There is no such thing as being perfect. To be human is to be flawed. To be a well-adjusted individual we must learn to accept our limitations and our failings.

Instead of concentrating on the end goal, this article argues, we should be focused on our personal values and the work we do.

Aim high, but get comfortable with good enough.

In well-adjusted perfectionism, someone who doesn’t get the gold is able to forget the setback and move on. In maladaptive perfectionism, meanwhile, people make an archive of all their failures. They revisit these archives constantly, thinking, as Pryor puts it, “I need to make myself feel terrible so I don’t do this again.”

Then they double down, “raising the expectation bar even higher, which increases the likelihood of defeat, which makes you self-critical, so you raise the bar higher, work even harder,” she says.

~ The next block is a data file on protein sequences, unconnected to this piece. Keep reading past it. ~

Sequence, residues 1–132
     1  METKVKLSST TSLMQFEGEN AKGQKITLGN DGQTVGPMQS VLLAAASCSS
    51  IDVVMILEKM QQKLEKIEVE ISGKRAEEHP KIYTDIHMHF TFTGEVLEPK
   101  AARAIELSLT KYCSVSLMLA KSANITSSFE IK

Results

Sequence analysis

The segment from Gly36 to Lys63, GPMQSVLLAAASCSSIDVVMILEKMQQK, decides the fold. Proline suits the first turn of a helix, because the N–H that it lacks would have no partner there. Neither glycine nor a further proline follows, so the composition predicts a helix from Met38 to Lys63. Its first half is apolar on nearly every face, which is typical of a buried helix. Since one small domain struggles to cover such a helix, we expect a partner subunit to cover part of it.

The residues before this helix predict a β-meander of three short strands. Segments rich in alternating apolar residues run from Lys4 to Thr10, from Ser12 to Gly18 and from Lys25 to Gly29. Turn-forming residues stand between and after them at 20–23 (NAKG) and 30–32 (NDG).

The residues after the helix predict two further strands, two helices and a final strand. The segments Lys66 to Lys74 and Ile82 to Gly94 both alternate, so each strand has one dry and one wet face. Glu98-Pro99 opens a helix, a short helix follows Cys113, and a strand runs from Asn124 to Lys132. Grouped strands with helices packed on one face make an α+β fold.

Next comes failure, shame, and pushing yourself even harder toward even higher and more impossible goals. Meeting them becomes an “all or nothing” premise. Pryor offered this example: “Even if I’m an incredible attorney, if I don’t make partner in the same pacing as one of my colleagues, clearly that means I’m a failure.”

Brustein says his perfectionist clients tend to devalue their accomplishments, so that every time a goal is achieved, the high lasts only a short time, like “a gas tank with a hole in it.”

Read more at The Atlantic